No. 6.6 <--The Filter--> 4.19.04
Your regular dose of public-interest Internet news and commentary
       from the Berkman Center for Internet & Society at
            H a r v a r d  L a w  S c h o o l
[1] In the News: Gmail, Can I Have a Cookie?
[2] Case in Point: On Hiatus
[3] Berkman News: Come Aboard
[4] Conference Watch
[5] Bookmarks: Step Inside
[6] Quotables: Everybody's Free?
[7] Talk Back
[8] Subscription Info
[9] About us
[10] Not a Copyright
                  [1]  IN THE NEWS
* Mixed Signals in Online Music
Recent headlines about online music have offered conflicting views on
how file sharing has affected music sales.  A study from professors at
Harvard Business School and the University of North Carolina Chapel
Hill found that downloading activity has no discernable impact on how
well a song sells.  The study has generated a great deal of debate, as
other industry experts have disagreed with its methodology.  And
recent economic data offers mixed conclusions about market trends.
For the first time in three years, U.S. music sales improved, rising
9.1% in the first quarter.  International music sales followed the
opposite trajectory, dropping 7.6% in 2003.
Sales up:
Sales down:
Sales same:
Developments on the legal front were similarly mixed.  Supporters of
file sharing celebrated over the recent ruling from a Canadian court
that music downloading does not violate the country's copyright laws.
While the Canadian Recording Industry Assocition appeals the decision,
new lawsuits have emerged in Europe and abroad.  The IFPI, which
represents the international music industry, has initiated legal
action against 247 individuals in Europe and several other nations who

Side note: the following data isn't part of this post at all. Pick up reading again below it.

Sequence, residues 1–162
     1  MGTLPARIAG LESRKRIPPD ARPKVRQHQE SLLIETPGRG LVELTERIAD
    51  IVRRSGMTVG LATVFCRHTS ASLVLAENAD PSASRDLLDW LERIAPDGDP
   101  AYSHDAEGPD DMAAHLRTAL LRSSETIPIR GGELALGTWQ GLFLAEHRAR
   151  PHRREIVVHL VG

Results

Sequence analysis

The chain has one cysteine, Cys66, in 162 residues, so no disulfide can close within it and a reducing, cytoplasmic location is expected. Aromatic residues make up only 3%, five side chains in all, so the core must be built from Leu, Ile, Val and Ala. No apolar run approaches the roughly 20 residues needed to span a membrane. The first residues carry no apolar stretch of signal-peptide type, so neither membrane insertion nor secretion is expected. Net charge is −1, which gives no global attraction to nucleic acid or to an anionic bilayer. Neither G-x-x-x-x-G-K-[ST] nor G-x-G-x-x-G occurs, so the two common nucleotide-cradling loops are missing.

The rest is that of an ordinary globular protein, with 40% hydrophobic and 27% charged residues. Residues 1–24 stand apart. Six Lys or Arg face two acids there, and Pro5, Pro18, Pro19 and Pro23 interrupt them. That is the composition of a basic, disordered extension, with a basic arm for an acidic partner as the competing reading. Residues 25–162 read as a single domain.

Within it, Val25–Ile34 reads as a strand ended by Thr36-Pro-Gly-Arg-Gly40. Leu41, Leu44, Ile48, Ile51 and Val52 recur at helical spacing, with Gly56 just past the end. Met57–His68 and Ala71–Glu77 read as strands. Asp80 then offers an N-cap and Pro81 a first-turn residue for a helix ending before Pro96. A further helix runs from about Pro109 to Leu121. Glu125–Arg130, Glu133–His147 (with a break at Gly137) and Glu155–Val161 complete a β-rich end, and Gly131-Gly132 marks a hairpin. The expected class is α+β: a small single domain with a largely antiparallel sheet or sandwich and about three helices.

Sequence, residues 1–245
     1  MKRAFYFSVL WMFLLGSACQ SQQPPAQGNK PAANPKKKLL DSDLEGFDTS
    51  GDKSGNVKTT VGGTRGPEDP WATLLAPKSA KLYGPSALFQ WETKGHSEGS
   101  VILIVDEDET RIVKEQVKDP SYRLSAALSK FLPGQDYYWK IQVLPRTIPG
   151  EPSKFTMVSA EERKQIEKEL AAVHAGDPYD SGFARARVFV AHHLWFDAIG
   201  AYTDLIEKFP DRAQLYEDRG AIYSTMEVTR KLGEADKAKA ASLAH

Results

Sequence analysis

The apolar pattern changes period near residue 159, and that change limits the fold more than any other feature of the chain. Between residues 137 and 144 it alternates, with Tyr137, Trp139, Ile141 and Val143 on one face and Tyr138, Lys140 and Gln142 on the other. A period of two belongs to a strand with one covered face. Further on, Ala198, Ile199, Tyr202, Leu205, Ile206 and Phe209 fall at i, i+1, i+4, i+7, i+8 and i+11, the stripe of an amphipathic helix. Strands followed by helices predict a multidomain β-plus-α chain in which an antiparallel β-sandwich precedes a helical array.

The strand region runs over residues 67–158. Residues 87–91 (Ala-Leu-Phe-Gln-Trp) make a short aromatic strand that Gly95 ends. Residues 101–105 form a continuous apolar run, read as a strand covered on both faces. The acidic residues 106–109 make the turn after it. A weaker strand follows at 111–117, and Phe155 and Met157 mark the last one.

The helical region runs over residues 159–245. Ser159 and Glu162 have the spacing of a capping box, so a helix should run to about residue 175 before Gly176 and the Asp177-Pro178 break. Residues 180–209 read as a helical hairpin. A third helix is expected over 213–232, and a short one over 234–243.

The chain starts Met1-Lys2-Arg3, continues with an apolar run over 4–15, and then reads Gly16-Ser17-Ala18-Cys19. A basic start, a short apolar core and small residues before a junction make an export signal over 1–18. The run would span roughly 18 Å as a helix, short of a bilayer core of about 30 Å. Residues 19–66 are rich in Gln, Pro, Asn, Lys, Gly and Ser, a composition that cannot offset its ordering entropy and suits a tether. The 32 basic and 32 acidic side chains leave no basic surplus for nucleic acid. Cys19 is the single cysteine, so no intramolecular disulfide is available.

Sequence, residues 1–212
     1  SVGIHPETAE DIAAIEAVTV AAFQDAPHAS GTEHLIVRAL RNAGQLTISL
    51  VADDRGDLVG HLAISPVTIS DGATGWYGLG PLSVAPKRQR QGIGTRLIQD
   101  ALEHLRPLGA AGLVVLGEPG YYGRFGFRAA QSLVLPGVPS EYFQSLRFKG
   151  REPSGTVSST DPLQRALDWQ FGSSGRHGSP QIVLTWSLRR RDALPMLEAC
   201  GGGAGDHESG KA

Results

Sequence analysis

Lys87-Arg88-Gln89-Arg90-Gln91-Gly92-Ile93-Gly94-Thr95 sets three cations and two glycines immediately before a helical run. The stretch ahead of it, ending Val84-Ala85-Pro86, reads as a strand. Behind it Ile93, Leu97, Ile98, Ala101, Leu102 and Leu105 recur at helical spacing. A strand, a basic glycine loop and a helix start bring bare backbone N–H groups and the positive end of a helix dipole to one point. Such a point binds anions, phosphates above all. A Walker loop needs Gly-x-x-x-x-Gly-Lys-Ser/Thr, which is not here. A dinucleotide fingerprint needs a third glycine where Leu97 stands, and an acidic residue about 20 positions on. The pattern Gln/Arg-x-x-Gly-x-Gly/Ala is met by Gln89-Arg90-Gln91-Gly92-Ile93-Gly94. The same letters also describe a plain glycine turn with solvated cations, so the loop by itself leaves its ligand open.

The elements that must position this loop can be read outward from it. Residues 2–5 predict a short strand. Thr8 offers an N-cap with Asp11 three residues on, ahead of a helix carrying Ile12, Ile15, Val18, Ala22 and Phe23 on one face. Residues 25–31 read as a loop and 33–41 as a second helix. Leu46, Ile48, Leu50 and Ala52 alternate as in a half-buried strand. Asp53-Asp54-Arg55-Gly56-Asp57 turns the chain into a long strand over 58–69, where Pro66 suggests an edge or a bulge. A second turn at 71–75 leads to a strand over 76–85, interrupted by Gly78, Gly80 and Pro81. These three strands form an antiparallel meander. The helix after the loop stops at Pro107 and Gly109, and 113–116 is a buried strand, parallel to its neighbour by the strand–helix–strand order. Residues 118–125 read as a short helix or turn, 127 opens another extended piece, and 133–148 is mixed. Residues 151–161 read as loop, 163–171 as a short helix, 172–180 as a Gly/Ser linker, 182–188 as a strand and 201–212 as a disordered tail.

are accused of illegal downloading.
The Berkman Center's report on developments in European courts:
News about the Canadian decision:
News about the CRIA appeal:
The Berkman Center recently released a new study shedding light on one
aspect of the digital media debate: Apple's Online Music Store,
iTunes.  The iTunes Case Study analyzes the legal foundations of the
service and considers the future of the contract-copyright interplay
as iTunes and other online music stores consider expansion into
international markets.
The iTunes Case Study:
* Cybernews From Around the Globe
CRTC on VoIP: <>
Internet gambling legal?: <>
Filesharing the news: <>
Companies may share tech: <>
Vietnamese access tightens: <>
Dispute resolution in the Philippines:
Find missing kids with tech: <>
Nigerian ISP troubles: <>
* Google Controversies Grow
Gmail, the new email service from Google, is bumping up against
privacy and trademark complaints.  Can a free gigabyte of storage sell
the online community on Gmail, which will serve targeted ads based on
the content of a customer's email?  As of this writing, a California
state senator is drafting legislation to block the service, and Google
has responded to complaints by promising to listen to customer
concerns.  And by the way, how did that anti-Semitic group get to be
#1 in the search engine for the word "Jew"?  Some weblog writers have
noted, and taken action to the effect, that users have a choice in this
matter: a "google-bomb" might adjust the search results if many people
link to a particular site in order to "fix" the search results.
On Gmail:
On Googling "Jew":
* Social Networking: The Next Generation
A new generation of social networking applications is beginning to
emerge.  Last week, the New York-based company,,
released software that utilizes text messaging to allow users to post
their whereabouts from their cell phones and find out if members of
their networks are in the area.  Our newest Berkman Fellow, John
Clippinger, is also exploring new forms of social networking.  One of
his projects, Social Physics, involves developing an open source
platform for writing and testing the "social protocols" needed to
allow trust, reputation management, information sharing, shared
awareness, and synchronized action in communities and networked
News about
More on John Clippinger's work:
The most recent release from AudioBerkman explores the ins and outs of
social networks.  Producers traveled to South by Southwest Interactive
to find out what happens when an online community is forced to meet
Listen in: